When I read Todd Hirsch’s article in the Globe and Mail on the impact of careers on the economy I knew I had to talk to him. After speaking on the phone about his work tracking current developments in North America’s economy, and the link to careers and the economy, I invited him onto Career Buzz. So it was with much anticipation that I got to connect with Todd, Deirdre, Roberta, and our listeners, on Career Buzz this week.

Sparks from Feb. 22 when Career Buzz explored accessing employment through education.

Jo Petite, a social worker and faculty member in the Redirection through Education program at George Brown College, shared her perspective on equity and access in employment. “Education and employment are social determinants of health,” Jo said. “We become healthier by having meaningful employment. We become more fulfilled in our lives and more self-actualized. Mental health is on a continuum, and all of us are going to become healthier, happy people if we have employment that means something to us, and I’ve experienced that myself.” Listen to the whole interview

CareerCycles Tip: Take a moment today to consider this… If, for the most part, you’re healthy, physically and mentally, how much does your education and employment contribute to your ongoing health? How healthy would you be if you didn’t have your education and employment? Read the first paragraph of the World Health Org’s definition of mental health.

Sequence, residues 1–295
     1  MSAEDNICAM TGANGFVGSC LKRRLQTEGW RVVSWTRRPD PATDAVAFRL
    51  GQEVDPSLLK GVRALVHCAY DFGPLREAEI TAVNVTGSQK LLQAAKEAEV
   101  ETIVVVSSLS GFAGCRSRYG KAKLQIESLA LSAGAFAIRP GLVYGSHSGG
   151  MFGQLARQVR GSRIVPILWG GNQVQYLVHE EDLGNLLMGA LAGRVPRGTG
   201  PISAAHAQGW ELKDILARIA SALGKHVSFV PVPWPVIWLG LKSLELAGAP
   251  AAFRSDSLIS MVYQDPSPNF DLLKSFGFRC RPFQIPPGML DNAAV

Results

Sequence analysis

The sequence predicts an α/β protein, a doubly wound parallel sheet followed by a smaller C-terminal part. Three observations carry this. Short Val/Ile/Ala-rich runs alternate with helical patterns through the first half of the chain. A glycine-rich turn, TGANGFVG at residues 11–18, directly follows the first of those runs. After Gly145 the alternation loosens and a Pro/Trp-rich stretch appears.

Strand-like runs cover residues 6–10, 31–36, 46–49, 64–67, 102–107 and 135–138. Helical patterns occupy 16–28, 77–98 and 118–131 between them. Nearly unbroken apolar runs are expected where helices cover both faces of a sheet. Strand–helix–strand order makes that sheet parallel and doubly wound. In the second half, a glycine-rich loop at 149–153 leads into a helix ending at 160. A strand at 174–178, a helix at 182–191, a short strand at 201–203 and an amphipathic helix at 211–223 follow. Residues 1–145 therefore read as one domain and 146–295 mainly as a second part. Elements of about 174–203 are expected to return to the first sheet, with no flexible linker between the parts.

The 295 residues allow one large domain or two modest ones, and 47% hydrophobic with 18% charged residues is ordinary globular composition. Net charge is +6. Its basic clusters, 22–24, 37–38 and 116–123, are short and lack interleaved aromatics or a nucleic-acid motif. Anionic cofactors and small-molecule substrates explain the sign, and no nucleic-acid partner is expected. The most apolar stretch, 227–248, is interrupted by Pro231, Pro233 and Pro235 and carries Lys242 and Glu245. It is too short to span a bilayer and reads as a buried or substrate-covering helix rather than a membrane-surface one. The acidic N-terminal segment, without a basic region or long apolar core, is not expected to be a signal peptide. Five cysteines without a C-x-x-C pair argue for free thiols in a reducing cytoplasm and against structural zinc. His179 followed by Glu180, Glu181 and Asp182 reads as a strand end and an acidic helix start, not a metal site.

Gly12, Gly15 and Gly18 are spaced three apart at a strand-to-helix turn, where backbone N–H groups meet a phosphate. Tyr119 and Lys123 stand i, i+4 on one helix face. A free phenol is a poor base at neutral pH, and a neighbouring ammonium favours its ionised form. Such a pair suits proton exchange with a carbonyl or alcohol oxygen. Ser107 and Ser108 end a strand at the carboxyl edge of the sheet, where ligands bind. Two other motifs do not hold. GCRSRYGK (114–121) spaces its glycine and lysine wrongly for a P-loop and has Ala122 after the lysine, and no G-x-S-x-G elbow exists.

Thinking about self-employment as a career possibility? Contact us about CareerCycles’ new Exploring Self-Employment Program. Get started with our weekly FREE TeleWorkshop Or, contact us to schedule your initial Exploratory Consultation and the fee is credited toward your career program of 5+ sessions. And, check out this FREE Seminar on Alternative Careers in Franchise Ownership on March 27, 6.30pm with our alliance partners at FranNet.

Thanks to all of you who asked about our recent ‘Enriching Lives & Careers Trip to Nicaragua.’ It was truly enriching for our group of eight, and the highlight was the moving ceremony when the construction site of the house we built in 2 1/2 days became the home of a young family. Stay tuned for the video in the next issue of SPARK.

Inspire your life, empower your career, enrich your week. Join us on WEDNESDAYs 11am-noon at 89.5 FM or www.ciut.fm Listen to our inspiring past shows

Make the connection. Contact 416 465 9222 or service@careercycles.com Remember, a referral is sending someone you care about to someone you respect. Please don’t keep us a secret.

by Mark Franklin

Practice Leader at CareerCycles, Toronto-based career management social enterprise: career counselling, employee engagement, training.

by Mark Franklin